Whitfield, working with the National Center for State Courts, analyzed records of civil cases in general district courts across Virginia. Read the full story from the Daily Press.
The very fact that judge O'Neill is allowing five additional accusers to testify - not one, as in the first trial - is evidence of how the #MeToo moment has influenced the case, said Paula Hannaford-Agor, director of the Center for Jury Studies at the National Center for State Courts. The judge has not explained his reasoning for allowing more accusers to testify this time. "When I saw that, I said really, the ground has really shifted," Ms. Hannaford-Agor said. "The judge has had to pay attention." Read the full story in the New York Times.
As opioids began to ravage the city, court officials found that drug court participants were overdosing and dying at an alarming rate. In 2017, with a grant of $300,000, Buffalo's Opioid Crisis Intervention Court opened with Hannah as its chief judge [source: Schanz]. Since its birth in May 2017, only one defendant out of 204 has since died of a drug overdose [source: National Center for State Courts]. Read the full story from howstuffworks.com.
Fortunately, professional training is available on how to respond to domestic abuse, from programs for clergy to judges to law enforcement. And to fight gender bias, the National Center for State Courts is applying new strategies, such as exercises that increase awareness of unintended bias. Read the full article from Infosurhoy.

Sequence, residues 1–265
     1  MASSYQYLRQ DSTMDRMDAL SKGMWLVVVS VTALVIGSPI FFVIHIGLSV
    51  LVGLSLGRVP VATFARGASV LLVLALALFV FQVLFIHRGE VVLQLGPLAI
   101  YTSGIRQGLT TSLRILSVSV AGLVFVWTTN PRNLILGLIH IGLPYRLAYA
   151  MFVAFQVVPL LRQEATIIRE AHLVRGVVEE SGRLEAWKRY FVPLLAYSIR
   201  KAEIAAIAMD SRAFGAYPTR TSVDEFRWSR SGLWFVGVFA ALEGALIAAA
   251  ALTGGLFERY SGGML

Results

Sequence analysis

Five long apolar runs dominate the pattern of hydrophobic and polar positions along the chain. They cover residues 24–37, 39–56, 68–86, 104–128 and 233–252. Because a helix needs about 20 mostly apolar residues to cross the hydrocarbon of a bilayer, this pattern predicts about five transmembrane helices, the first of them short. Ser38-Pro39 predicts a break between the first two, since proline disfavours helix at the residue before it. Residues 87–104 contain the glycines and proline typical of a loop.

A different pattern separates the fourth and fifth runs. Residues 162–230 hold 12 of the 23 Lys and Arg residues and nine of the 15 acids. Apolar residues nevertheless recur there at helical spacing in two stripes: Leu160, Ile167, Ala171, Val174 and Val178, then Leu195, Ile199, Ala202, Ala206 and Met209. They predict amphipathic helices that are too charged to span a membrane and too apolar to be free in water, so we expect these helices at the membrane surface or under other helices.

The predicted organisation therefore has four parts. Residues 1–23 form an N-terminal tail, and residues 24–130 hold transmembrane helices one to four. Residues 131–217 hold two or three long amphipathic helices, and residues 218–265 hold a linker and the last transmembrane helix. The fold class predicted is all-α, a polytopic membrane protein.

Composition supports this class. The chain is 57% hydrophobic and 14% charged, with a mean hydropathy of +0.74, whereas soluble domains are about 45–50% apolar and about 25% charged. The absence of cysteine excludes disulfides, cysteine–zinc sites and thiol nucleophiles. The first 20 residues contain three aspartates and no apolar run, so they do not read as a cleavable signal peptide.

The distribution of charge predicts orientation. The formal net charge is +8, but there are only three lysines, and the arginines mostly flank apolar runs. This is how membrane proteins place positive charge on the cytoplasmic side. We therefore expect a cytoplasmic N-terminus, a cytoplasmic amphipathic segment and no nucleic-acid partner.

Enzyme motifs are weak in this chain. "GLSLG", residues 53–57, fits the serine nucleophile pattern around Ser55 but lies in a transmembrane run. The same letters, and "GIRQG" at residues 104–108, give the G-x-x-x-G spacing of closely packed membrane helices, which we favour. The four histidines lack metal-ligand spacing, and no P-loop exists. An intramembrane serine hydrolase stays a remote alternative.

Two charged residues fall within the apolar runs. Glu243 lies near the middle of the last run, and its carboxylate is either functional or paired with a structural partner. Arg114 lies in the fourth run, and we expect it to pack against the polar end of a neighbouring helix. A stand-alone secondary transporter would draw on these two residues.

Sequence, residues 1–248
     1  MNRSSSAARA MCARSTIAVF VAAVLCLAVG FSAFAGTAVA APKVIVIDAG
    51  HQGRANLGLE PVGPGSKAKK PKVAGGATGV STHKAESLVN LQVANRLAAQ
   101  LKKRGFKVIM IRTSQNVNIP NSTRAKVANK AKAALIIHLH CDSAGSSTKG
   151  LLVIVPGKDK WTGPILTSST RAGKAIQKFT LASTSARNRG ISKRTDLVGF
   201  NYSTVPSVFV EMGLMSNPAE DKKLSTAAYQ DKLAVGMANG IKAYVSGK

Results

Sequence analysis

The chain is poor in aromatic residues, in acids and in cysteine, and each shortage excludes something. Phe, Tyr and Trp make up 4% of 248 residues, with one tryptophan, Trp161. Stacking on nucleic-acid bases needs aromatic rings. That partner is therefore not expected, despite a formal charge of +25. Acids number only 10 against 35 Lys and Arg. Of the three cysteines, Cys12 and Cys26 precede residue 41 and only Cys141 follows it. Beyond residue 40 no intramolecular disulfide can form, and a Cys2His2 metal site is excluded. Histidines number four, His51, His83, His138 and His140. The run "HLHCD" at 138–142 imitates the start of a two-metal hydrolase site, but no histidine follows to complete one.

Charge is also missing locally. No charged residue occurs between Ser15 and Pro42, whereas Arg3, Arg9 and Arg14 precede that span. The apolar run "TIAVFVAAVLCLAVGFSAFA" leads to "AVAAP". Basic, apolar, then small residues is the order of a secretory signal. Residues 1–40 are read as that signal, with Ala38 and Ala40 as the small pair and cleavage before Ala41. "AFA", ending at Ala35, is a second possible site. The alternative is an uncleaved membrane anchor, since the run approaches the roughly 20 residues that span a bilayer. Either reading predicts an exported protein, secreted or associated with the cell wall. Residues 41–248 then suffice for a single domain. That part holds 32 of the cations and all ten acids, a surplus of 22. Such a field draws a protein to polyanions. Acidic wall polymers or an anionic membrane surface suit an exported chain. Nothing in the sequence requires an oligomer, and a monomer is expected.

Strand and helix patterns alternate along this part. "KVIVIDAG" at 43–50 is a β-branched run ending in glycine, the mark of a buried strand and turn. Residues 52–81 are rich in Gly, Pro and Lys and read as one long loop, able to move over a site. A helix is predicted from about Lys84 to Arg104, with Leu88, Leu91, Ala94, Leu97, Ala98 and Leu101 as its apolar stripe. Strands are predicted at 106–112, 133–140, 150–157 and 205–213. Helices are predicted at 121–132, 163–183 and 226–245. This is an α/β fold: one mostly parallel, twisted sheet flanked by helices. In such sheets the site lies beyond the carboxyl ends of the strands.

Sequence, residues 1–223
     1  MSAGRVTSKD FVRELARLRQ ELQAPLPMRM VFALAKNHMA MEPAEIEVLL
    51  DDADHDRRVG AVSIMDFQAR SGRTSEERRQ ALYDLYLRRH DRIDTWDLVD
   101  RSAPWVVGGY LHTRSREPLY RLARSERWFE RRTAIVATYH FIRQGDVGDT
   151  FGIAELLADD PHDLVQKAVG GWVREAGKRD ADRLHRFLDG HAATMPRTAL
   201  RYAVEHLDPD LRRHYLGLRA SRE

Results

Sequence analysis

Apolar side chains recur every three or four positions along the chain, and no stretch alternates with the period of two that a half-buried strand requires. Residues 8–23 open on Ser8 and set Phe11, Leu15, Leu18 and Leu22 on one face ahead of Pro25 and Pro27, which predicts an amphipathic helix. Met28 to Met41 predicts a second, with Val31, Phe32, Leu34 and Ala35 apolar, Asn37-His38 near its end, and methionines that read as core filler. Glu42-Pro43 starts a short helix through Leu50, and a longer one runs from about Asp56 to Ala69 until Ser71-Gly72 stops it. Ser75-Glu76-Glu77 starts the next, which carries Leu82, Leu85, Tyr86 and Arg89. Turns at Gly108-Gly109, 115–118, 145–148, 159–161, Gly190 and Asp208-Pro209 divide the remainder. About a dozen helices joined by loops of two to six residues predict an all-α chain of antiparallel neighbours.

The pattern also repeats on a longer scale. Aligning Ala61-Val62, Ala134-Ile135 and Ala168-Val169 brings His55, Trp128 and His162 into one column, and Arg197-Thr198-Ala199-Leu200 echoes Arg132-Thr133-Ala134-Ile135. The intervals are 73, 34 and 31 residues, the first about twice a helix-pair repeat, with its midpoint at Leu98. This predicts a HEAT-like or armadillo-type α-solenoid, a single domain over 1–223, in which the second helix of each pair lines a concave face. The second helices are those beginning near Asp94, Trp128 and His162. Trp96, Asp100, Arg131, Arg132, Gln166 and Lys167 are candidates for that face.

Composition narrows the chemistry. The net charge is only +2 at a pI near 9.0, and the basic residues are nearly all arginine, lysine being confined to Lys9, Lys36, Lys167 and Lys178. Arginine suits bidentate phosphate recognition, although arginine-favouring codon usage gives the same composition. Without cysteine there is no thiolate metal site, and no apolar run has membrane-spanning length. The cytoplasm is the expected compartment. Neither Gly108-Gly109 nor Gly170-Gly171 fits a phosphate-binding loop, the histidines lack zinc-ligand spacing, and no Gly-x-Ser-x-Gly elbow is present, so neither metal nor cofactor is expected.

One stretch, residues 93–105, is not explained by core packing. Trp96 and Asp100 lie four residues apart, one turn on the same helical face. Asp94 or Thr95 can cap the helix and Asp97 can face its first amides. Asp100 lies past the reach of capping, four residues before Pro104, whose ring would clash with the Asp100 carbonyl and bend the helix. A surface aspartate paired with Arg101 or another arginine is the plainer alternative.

Lawmakers in at least a half-dozen states have sought in recent years to impeach or otherwise remove judges as a result of controversial decisions — including in some instances over same-sex marriage rulings — but without success, according to the National Center for State Courts. Read the article from the Washington Post.
Judges and circuit court clerks have not gotten raises in about a decade, according to Kentucky Chief Justice John D. Minton Jr. Kentucky's judicial salaries rank 48th out of 50 states, according to a 2017 survey by the National Center for State Courts. Read the full article from the Lexington Herald Leader.
Using the Gavel to Gavel database maintained by the National Center for State Courts, I gathered data on all court-related bills introduced in the 50 U.S. states from 2008 through 2016. After reading each bill to determine whether it “curbed” the court in one way or another, I found more than 1,700 court-curbing bills in state legislatures in those nine years. Read the story from the Washington Post.